Best-Practices Leadership

A leader in an organization can’t do everyone’s job. Instead of micromanaging, strong leaders use organizational leadership to coordinate, communicate, motivate and delegate among employees and team members. For comprehensive organizational effectiveness, each individual needs to be seen as a contributor, with the leader at the helm.

Most importantly, best-practices leadership involves keeping employees motivated throughout the process, adapting your scope or strategy as necessary, and developing an effective communication strategy.

Some people never make it to the other side because they’re more successful at being doers. This is a crucial point in determining if you’re going to move up the ranks.

Browse our articles, tools and advice on best-practices leadership.

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Vatican-based journalist John Allen spent six years observing Pope John Paul II as the pontiff went about his daily routines. Here are three leadership practices Allen noted in John Paul:
Here are a few precepts, drawn loosely from the Lewis and Clark expedition, of maintaining a realistic optimism while leading your team into the unknown:
Learning new stuff is hard, so people look for someone to guide and support them through the chaos. If they don’t see that support, they’ll drag their feet. In response, the leader repeats the logic behind the change, pushes harder, tries pep talks, then anger and threats. Finally, his people shut down. Here are three ways to avoid that cycle so your people trust you enough to accept the change.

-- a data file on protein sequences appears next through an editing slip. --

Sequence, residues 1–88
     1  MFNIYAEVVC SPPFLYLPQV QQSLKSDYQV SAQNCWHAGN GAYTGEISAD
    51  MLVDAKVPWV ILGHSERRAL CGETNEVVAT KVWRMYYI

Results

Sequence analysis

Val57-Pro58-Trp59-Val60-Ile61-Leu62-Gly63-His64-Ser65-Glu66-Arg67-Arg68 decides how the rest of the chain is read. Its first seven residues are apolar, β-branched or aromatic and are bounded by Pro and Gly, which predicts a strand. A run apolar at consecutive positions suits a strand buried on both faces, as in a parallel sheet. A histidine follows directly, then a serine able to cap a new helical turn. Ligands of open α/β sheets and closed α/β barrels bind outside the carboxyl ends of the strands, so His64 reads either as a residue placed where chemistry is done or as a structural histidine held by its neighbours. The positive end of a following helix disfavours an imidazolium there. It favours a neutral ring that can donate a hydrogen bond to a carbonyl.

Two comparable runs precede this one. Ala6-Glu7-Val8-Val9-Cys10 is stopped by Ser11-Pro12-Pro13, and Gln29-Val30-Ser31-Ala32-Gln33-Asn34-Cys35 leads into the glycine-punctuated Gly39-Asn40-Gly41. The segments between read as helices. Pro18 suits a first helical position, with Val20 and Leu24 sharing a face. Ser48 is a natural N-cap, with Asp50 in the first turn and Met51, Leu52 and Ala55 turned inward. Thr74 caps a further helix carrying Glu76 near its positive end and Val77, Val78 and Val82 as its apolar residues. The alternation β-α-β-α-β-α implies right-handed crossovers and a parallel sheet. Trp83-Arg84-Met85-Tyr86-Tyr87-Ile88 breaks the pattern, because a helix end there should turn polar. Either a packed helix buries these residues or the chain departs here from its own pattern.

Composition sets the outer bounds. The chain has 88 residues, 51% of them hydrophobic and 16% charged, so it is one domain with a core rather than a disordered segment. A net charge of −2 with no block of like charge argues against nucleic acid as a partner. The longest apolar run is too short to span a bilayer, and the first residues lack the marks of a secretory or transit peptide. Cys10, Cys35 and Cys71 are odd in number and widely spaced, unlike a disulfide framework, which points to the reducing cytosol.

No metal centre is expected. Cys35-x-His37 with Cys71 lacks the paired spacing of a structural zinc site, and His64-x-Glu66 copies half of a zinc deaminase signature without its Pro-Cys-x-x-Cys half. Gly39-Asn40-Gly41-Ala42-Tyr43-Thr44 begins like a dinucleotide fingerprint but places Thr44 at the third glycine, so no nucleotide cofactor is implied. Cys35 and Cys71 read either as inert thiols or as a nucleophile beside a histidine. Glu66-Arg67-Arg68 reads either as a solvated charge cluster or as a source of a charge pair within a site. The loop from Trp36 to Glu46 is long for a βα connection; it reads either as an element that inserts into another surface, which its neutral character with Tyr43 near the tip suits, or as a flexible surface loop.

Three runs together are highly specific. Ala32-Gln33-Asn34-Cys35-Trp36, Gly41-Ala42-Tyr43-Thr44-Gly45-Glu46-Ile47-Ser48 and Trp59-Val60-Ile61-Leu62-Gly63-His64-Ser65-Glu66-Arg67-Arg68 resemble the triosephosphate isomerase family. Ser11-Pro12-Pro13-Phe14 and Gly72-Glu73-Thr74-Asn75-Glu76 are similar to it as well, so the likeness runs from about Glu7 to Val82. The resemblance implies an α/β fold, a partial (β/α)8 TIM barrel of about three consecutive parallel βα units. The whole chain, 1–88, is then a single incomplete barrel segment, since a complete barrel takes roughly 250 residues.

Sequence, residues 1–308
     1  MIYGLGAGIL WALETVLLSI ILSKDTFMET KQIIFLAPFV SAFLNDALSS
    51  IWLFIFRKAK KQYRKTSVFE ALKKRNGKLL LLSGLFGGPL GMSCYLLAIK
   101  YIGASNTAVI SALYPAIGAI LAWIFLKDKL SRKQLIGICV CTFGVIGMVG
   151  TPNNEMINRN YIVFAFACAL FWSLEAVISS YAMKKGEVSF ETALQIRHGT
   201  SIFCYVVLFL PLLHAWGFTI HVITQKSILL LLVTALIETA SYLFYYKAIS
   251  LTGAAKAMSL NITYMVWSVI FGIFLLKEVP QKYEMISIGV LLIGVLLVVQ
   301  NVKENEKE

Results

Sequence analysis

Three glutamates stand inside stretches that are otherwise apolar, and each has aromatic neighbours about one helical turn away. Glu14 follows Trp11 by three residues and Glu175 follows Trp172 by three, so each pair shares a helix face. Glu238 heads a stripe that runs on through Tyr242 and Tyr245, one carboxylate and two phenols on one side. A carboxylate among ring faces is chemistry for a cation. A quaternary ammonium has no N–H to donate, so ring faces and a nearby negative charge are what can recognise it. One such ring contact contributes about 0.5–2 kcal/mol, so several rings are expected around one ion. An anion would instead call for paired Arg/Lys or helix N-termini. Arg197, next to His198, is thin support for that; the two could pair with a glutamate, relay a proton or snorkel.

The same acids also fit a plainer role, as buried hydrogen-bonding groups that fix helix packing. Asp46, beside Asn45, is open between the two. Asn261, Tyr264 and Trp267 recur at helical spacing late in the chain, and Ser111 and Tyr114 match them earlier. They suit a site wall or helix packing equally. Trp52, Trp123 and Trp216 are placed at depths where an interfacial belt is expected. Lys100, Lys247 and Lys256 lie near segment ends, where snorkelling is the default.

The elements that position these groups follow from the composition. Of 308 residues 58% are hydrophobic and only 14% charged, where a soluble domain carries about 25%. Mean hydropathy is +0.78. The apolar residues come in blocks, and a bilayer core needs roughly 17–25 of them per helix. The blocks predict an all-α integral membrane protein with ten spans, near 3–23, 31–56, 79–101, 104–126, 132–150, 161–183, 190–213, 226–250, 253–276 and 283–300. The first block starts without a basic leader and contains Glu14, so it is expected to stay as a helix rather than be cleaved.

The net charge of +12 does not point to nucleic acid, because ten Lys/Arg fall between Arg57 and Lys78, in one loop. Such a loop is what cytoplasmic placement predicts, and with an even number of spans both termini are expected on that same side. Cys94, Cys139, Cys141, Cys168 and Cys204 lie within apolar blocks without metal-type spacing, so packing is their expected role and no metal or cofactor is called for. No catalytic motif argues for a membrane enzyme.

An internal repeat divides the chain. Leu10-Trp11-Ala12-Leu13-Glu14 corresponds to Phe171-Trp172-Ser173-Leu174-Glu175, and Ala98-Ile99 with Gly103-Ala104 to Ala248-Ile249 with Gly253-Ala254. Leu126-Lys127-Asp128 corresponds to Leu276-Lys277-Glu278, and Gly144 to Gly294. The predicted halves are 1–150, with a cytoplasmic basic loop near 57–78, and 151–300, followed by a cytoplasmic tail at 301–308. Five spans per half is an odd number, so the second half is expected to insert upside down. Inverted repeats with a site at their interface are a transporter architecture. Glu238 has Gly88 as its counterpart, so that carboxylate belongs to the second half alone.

Many people don’t have a clue about the difference between “mission” and “vision.” In fact, most use the terms interchangeably. So, let’s take a hard look at these two words.
Maintain your people’s respect even when they don’t agree with you.
Increase your visibility by agreeing to view presentations at other people’s locations.
During the Civil War, Confederate Col. John S. Mosby used aggressiveness and surprise to keep Union troops off balance.
Actor Jamie Foxx endured plenty of hardship growing up, including abandonment by his parents. But loving grandparents raised him and, later, famous entertainers mentored him. His take on leadership:
When Thomas Neff and James Citrin were interviewing 50 CEOs and company presidents for their book Lessons From the Top, they decided they would ask all of them to name the greatest leadership lesson they had learned from reading the books by Peter F. Drucker. Here are five lessons that topped the list:
Front-line managers make a tremendous difference in turnover, costs, quality, safety and innovation, not to mention overall performance. They’re the people who keep customers happy and keep small glitches from widening into disasters. First-level leaders need to understand the whole organization, yet they rarely are let in on the big picture. Every one of your front-line leaders should be able to answer “Yes” to these questions:
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